Perspective matters, even and especially when we are talking about rules. The rule governing the Sabbath that is in question is from Deuteronomy:

Observe the sabbath day and keep it holy, as the
Lord your God commanded you. Six days you shall labor and do all your work. But the seventh day is a sabbath to the LORD your God; you shall not do any work (Deuteronomy 5:12-13).

The prophet Isaiah offers even further commentary on the Sabbath:

If you refrain from trampling the sabbath,
from pursuing your own interests on my holy day;
if you call the sabbath a delight
and the holy day of the Lord honourable;
if you honour it, not going your own ways,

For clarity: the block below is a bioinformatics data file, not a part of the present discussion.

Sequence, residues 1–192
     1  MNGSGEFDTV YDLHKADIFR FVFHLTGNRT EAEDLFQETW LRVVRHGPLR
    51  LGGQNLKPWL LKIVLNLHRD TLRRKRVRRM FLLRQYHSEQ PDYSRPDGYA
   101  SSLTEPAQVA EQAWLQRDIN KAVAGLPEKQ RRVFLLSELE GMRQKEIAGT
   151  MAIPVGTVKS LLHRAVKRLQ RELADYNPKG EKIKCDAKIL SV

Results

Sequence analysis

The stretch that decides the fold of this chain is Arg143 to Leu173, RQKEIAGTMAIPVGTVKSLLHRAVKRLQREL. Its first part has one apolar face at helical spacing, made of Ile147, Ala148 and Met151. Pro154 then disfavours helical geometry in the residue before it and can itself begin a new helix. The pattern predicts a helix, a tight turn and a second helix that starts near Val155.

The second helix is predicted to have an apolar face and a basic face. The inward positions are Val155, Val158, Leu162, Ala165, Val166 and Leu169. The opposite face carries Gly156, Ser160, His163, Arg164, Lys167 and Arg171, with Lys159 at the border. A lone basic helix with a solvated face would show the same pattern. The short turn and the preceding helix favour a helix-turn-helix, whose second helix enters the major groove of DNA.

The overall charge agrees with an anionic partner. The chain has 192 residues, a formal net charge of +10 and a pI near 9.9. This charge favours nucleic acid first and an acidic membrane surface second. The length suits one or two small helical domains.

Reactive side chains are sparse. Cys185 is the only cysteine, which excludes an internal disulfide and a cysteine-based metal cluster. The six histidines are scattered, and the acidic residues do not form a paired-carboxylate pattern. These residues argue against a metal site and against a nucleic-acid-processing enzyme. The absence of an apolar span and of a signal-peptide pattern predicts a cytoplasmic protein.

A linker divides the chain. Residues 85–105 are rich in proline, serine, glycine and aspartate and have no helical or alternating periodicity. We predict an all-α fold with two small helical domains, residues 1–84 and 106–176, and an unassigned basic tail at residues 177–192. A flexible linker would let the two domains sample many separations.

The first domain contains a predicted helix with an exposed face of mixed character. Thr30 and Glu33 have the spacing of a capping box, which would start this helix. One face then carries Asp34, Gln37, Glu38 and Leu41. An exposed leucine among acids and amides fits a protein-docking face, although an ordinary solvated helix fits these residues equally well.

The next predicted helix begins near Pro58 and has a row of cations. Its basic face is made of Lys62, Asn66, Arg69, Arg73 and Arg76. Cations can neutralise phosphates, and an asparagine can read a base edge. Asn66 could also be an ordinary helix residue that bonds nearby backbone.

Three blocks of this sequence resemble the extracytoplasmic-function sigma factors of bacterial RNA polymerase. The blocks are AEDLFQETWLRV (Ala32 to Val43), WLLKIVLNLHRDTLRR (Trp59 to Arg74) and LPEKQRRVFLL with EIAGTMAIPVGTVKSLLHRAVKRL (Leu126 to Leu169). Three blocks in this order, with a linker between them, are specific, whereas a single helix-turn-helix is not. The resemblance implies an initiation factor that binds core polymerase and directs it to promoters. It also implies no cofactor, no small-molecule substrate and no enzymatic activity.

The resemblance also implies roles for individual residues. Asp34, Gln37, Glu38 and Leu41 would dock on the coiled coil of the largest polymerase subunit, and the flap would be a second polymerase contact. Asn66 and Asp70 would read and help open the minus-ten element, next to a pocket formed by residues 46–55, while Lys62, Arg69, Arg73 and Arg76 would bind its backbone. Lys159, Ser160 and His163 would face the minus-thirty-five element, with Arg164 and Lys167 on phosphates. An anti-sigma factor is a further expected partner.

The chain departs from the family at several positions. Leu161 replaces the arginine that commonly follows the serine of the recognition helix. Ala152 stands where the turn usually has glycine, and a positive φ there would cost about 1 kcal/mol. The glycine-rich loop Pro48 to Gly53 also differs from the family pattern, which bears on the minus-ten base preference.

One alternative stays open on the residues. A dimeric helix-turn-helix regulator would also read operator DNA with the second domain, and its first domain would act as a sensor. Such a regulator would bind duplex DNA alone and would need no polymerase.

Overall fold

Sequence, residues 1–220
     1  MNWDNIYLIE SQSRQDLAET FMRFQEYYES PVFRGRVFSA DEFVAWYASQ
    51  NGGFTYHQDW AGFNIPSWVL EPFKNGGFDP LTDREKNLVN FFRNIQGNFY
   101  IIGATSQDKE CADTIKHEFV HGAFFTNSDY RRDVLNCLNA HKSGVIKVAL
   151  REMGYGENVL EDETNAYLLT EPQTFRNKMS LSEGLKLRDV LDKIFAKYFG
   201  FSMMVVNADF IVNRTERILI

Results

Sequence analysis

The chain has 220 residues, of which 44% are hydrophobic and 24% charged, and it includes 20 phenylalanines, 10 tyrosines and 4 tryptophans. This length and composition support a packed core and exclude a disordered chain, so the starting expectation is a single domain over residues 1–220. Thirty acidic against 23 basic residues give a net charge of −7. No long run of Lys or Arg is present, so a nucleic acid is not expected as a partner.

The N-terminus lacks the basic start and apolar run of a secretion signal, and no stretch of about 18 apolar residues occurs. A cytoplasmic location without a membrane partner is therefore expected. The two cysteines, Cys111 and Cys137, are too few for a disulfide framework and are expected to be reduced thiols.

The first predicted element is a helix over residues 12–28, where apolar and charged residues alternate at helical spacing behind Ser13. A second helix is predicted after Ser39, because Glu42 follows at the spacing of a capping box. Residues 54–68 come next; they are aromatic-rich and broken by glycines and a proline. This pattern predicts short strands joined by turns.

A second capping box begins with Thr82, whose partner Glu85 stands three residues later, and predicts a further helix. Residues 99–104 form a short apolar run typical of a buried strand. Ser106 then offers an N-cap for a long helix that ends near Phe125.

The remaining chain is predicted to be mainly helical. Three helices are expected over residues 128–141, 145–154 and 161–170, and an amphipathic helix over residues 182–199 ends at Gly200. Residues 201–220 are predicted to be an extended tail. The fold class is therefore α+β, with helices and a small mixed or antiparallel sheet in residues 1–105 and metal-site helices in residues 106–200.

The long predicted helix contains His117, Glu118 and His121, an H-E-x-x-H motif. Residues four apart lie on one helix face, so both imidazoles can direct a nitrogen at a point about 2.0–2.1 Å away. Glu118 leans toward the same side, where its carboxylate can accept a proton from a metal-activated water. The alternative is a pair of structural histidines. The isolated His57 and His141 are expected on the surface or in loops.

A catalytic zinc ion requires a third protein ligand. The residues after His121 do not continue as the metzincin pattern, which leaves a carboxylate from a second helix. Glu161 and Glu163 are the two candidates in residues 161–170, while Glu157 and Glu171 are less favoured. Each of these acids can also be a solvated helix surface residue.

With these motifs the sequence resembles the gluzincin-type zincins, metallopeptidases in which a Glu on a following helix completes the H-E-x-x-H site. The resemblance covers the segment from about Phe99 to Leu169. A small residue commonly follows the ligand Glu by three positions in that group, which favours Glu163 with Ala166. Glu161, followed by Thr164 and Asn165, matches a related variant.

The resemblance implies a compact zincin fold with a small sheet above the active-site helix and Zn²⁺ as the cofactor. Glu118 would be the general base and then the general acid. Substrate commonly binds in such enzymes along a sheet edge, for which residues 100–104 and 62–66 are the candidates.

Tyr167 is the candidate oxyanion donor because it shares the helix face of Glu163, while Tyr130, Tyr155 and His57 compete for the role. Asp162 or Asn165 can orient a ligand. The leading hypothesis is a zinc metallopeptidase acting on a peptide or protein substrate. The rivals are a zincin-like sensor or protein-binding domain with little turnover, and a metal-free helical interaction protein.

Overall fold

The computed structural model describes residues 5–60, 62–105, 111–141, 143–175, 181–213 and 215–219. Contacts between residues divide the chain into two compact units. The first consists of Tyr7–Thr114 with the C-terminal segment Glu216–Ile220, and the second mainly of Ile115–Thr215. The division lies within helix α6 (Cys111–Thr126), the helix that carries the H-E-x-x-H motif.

serving your own interests, or pursuing your own affairs;
then you shall take delight in the Lord (Isaiah 58:13-14a)

The perspective of the leader of the synagogue, Jesus, and the daughter of Abraham all color the way in which both Deuteronomy and Isaiah are understood. The leader of the synagogue sees Jesus, the bent over woman, and all the crowds equally. His perspective is on the maintenance of the Sabbath as a particular day. Jesus sees each of us as a unique individual, with our own needs and concerns. His perspective is on the honoring of the Sabbath by lifting up our needs, favoring us—maybe some more than others, and offering us healing. For Jesus, the Sabbath is about a person not a day. The daughter of Abraham experiences the Sabbath as a transformational. Her healing transforms not only her body but her opportunity to praise God. Her perspective is on the holiness of the Sabbath.